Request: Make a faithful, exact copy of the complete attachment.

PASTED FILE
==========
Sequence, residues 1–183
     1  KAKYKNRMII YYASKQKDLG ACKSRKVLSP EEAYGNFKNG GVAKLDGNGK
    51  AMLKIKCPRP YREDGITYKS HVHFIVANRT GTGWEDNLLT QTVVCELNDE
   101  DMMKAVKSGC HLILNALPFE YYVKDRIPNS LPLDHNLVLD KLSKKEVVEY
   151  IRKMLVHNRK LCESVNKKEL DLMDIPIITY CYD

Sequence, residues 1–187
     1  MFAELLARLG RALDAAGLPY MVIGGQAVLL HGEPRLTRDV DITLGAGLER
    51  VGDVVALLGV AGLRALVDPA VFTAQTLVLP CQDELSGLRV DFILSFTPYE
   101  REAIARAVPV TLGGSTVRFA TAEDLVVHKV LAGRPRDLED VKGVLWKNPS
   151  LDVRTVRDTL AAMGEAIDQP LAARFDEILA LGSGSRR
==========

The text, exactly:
Sequence, residues 1–183
     1  KAKYKNRMII YYASKQKDLG ACKSRKVLSP EEAYGNFKNG GVAKLDGNGK
    51  AMLKIKCPRP YREDGITYKS HVHFIVANRT GTGWEDNLLT QTVVCELNDE
   101  DMMKAVKSGC HLILNALPFE YYVKDRIPNS LPLDHNLVLD KLSKKEVVEY
   151  IRKMLVHNRK LCESVNKKEL DLMDIPIITY CYD

Sequence, residues 1–187
     1  MFAELLARLG RALDAAGLPY MVIGGQAVLL HGEPRLTRDV DITLGAGLER
    51  VGDVVALLGV AGLRALVDPA VFTAQTLVLP CQDELSGLRV DFILSFTPYE
   101  REAIARAVPV TLGGSTVRFA TAEDLVVHKV LAGRPRDLED VKGVLWKNPS
   151  LDVRTVRDTL AAMGEAIDQP LAARFDEILA LGSGSRR